Iron Age Ads: Consider the Factory Worker

article image
courtesy of Sam Moor

The “Modern Money Makers” – builders of the Avery Yellow Fellow threshing machine, as shown here, or the fellows who worked at Soulé Steam Feed Works in Meridian, Mississippi, or those who worked at any industrial concern a century ago, were the key to manufacturing productivity in the U.S. Shown here are representatives of the crew at the Avery Mfg. plant, Peoria, Illinois, where the Yellow Fellow was built. From left: the draftsman, iron moulder, woodworker, blacksmith and painter.

The workers might have been money makers, but by and large the money made went into corporate coffers, not workers’ pockets. An 1894 wage survey of Illinois plow manufacturers noted the following wages as being about average: blacksmith 1st Class (the best-paid worker), at $2.25 a day, followed by moulder, $2.20; woodworker, $1.75; painter, $1.60; assembler, $1.45; common laborer, $1.35. Ten years later, little had changed. In general, the factory worker in 1904 earned about $12 a week.

For the manufacturer of agricultural equipment, the 1890s represented one long slump. As orders declined, many manufacturers resorted to cutting workers’ wages, even in the face of opposition – often in the form of strikes – from the fledgling labor movement. Some manufacturers even toyed with the idea of replacing workers with women.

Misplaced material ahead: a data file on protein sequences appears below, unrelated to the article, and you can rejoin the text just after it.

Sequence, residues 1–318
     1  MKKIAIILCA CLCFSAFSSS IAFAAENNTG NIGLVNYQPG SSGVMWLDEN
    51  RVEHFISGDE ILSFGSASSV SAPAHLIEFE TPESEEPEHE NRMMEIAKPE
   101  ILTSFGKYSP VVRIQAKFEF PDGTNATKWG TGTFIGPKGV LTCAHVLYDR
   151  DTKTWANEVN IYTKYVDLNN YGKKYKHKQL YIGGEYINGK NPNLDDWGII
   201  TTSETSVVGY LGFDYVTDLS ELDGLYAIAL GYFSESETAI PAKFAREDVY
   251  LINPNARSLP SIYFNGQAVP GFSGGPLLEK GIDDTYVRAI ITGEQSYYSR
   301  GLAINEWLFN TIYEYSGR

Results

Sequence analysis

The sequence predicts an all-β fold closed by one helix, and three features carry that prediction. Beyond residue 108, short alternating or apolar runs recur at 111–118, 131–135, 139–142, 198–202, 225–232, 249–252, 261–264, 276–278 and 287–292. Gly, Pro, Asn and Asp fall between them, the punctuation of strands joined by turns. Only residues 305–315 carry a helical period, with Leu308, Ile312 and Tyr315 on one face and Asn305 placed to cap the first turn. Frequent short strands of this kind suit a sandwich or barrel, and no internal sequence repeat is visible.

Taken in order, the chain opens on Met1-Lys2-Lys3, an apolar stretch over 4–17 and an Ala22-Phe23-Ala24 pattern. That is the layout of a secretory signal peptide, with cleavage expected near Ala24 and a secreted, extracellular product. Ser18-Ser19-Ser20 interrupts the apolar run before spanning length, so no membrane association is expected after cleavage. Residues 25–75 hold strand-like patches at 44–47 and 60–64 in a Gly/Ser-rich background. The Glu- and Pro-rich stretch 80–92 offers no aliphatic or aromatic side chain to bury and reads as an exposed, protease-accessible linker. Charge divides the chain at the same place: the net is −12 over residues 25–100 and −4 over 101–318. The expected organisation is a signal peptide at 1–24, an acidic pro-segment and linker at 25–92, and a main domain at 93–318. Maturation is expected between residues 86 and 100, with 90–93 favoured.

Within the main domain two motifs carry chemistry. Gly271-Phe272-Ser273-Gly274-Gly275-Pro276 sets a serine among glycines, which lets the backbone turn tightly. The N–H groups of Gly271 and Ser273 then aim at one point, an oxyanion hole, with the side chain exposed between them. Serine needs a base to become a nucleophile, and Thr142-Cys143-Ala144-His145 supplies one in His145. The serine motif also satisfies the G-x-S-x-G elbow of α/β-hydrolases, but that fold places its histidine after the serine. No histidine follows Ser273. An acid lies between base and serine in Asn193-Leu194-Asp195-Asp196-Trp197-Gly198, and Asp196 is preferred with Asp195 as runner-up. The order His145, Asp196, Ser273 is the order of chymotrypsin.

By the turn of the century, the Agricultural Depression of the mid-1890s had passed and a new prosperity settled over American agriculture. Industry consolidation was underway. The farm implement industry was made up of fewer but larger firms. International Harvester, for instance, was formed in 1902 from a merger of the McCormick Harvesting Machine Co., Deering Harvester Co. and Milwaukee Harvester Co. Overnight, 90 percent of total U.S. grain binder production was controlled by one firm … but that is a tale of another “modern money maker.” FC

Advertisements from many farm publications printed at the turn of the 20th century were more than mere methods to hawk tractors and farm equipment. To share those ads from days gone by, Farm Collectorperiodically reproduces some of the most-spectacular ads used to promote farm equipment and products.

To submit a vintage advertisement for possible publication, send it to: Iron Age Ads, Farm Collector, 1503 SW 42nd St., Topeka, KS 66609; or submit high-quality digital images by e-mail: editor@farmcollector.com

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